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From "Laing, Michael" <michael.la...@nytimes.com>
Subject Re: Help with select IN query in cassandra
Date Mon, 01 Sep 2014 01:44:52 GMT
Oh it must be late - I missed the fact that you didn't want to specify
asset_id. The above queries will still work but you have to use 'allow
filtering' - generally not a good idea. I'll look again in the morning.


On Sun, Aug 31, 2014 at 9:41 PM, Laing, Michael <michael.laing@nytimes.com>
wrote:

> Hmm. Because the clustering key is (event_time, "timestamp"), event_time
> must be specified as well - hopefully that info is available to the ux.
>
> Unfortunately you will then hit another problem with your query: you are
> selecting a collection field... this will not work with IN on "timestamp".
>
> So you could select all the "timestamp"s for an asset_id/event_time:
>
>> SELECT * from sensor_info_table where asset_id = 'a' and event_time =
>> 1231234;
>
>
> Or you could apply a range of "timestamp"s:
>
>> SELECT * from sensor_info_table where asset_id = 'a' and event_time =
>> 1231234 and "timestamp" > 1d934af3-3178-11e4-ba8d-406c8f1838fa and
>> "timestamp" < 20b82021-3178-11e4-abc2-406c8f1838fa;
>
>
> BTW the secondary indices are not a good idea: high cardinality and of no
> use in this query that I can see.
>
> ml
>
>
> On Sun, Aug 31, 2014 at 8:40 PM, Subodh Nijsure <subodh.nijsure@gmail.com>
> wrote:
>
>> Not really event time stamp is created by the sensor when it reads data
>> and  timestamp is something server creates when inserting data into
>> cassandra db.  At later point in time my django ux allows users to browse
>> this data and reference interesting data points via the timestamp field.
>> The timestamp field is my bridge between Sal and nosql world.
>>
>> Subodh
>> On Aug 31, 2014 5:33 PM, "Laing, Michael" <michael.laing@nytimes.com>
>> wrote:
>>
>>> Are event_time and timestamp essentially representing the same datetime?
>>>
>>> On Sunday, August 31, 2014, Subodh Nijsure <subodh.nijsure@gmail.com>
>>> wrote:
>>>
>>>> I have following database schema
>>>>
>>>> CREATE TABLE sensor_info_table (
>>>>   asset_id text,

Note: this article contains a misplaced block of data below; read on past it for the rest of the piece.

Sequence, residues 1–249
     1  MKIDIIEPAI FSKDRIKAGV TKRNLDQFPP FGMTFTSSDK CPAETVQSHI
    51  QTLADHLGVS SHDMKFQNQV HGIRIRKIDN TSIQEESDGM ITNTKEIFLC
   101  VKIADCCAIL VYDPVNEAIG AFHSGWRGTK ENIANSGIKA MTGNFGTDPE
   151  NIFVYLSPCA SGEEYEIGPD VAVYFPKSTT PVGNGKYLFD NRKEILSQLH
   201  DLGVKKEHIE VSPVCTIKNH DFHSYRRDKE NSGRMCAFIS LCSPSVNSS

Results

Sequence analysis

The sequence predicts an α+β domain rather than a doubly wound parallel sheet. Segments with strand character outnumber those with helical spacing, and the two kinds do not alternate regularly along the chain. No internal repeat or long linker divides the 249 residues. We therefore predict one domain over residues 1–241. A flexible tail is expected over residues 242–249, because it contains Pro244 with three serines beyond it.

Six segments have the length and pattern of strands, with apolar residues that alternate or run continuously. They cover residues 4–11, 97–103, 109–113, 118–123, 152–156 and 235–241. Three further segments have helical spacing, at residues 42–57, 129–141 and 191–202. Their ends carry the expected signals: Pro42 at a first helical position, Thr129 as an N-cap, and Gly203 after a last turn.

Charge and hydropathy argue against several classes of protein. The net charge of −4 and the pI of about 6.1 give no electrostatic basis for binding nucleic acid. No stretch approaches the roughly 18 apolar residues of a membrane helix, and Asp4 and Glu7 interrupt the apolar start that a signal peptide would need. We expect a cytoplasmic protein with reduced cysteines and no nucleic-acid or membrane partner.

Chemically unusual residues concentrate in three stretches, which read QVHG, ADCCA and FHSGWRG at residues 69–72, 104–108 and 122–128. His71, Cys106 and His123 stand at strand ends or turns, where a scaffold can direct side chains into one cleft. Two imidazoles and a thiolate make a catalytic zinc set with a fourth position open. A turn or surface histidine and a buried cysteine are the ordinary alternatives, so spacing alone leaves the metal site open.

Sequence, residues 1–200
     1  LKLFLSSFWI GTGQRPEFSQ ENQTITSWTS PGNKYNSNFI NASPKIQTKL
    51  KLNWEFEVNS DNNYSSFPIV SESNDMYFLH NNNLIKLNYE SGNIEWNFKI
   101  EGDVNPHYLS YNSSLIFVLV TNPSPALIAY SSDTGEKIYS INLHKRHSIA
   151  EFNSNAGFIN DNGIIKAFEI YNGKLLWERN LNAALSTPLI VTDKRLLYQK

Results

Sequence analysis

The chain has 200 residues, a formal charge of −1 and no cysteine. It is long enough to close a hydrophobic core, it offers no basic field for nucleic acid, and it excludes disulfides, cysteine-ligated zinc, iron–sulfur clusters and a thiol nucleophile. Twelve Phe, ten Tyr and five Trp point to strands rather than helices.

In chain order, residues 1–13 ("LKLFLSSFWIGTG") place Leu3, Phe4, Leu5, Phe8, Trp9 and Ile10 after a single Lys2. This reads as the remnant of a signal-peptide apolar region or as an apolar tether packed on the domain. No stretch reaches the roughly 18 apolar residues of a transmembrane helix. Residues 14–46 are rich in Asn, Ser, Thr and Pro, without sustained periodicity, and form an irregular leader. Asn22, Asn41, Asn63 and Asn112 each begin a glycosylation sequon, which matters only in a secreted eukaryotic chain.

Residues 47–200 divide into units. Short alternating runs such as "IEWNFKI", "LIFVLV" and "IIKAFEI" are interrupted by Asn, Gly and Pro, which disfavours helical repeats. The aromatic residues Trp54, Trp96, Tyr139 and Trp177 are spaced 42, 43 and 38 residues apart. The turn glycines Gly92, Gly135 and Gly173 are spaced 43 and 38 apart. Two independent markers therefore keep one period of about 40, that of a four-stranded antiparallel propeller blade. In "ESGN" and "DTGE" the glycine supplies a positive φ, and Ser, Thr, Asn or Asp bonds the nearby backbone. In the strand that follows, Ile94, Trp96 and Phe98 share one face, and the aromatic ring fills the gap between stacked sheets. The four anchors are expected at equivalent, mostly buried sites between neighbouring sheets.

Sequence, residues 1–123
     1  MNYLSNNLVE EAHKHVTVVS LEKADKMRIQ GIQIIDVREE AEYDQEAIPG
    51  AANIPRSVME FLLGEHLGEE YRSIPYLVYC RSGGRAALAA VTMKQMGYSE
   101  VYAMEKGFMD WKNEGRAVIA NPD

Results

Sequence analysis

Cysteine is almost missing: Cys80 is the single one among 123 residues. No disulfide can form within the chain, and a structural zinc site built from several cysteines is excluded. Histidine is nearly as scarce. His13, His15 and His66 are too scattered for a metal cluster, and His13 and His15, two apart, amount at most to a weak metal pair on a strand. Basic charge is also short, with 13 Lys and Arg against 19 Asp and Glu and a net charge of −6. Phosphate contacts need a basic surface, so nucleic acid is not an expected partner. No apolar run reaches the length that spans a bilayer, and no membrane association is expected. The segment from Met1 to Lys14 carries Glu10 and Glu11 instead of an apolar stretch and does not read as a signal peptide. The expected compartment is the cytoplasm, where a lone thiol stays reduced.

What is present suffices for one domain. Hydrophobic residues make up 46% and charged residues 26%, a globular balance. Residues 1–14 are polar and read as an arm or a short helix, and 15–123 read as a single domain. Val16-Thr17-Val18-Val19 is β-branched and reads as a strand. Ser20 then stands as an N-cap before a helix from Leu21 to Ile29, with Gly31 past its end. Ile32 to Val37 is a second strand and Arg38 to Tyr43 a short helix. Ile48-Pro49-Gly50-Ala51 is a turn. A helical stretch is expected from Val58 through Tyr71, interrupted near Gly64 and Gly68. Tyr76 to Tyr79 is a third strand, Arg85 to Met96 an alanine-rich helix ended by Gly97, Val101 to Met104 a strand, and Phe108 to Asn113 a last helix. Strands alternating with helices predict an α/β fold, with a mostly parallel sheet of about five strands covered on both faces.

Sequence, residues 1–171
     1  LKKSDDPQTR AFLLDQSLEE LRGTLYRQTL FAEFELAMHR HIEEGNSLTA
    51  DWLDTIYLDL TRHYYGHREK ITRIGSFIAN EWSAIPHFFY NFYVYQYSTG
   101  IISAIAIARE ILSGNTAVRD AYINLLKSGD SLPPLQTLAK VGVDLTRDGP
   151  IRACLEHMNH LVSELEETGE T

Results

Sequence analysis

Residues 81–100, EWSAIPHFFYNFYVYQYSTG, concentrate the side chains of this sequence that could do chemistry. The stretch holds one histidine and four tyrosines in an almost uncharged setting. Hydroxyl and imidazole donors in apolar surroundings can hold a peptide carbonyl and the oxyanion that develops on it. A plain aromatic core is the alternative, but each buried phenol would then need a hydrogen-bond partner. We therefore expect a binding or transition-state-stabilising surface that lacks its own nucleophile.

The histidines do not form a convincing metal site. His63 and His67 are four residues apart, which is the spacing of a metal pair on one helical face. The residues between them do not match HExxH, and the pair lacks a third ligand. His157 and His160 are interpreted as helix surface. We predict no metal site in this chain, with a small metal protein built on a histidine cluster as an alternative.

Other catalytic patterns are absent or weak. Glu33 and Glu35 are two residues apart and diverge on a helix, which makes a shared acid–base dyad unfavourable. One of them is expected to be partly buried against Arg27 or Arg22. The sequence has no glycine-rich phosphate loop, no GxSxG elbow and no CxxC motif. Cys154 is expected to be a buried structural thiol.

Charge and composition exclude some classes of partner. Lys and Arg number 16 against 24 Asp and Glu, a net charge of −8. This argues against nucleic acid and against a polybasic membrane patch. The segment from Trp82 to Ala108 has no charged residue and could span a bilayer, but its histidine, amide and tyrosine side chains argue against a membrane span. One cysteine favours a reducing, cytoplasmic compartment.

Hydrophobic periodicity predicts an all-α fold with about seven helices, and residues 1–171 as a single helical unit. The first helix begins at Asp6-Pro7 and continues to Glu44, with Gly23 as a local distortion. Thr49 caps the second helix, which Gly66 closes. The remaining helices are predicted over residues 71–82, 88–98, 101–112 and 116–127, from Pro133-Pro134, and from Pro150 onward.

>>>>   event_time timestamp,
>>>>   "timestamp" timeuuid,
>>>>   sensor_reading map<text, text>,
>>>>   sensor_serial_number text,
>>>>   sensor_type int,
>>>>   PRIMARY KEY ((asset_id), event_time, "timestamp")
>>>> );
>>>>
>>>> CREATE INDEX event_time_index ON sensor_info_table (event_time);
>>>>
>>>> CREATE INDEX timestamp_index ON sensor_info_table ("timestamp");
>>>>
>>>> Now I am able to insert the data into this table, however I am unable
>>>> to do following query where I want to select items with specific
>>>> timeuuid values.
>>>>
>>>> It gives me following error.
>>>>
>>>> SELECT * from mydb.sensor_info_table where timestamp IN (
>>>> bfdfa614-3166-11e4-a61d-b888e30f5d17 ,
>>>> bf4521ac-3166-11e4-87a3-b888e30f5d17) ;
>>>>
>>>> Bad Request: PRIMARY KEY column "timestamp" cannot be restricted
>>>> (preceding column "event_time" is either not restricted or by a non-EQ
>>>> relation)
>>>>
>>>> What do I have to do to make this work?
>>>>
>>>> For what its worth I am using django for my front end development and
>>>> I am using "timestamp timeuuid" field as unique indentifier to
>>>> reference specific sensor reading from django framework -- since
>>>> cassandra doesn't have way to generate unique id upon insert (like
>>>> old-style rdms's auto-fields).
>>>>
>>>>
>>>> Below is software version info.
>>>>
>>>> show VERSION ; [cqlsh 4.1.1 | Cassandra 2.0.9 | CQL spec 3.1.1 |
>>>> Thrift protocol 19.39.0]
>>>>
>>>> I really don't understand what the error message preceeding column
>>>> "event_time" is either not restricted or by no-EQ relation?
>>>>
>>>> -Subodh Nijsure
>>>>
>>>
>

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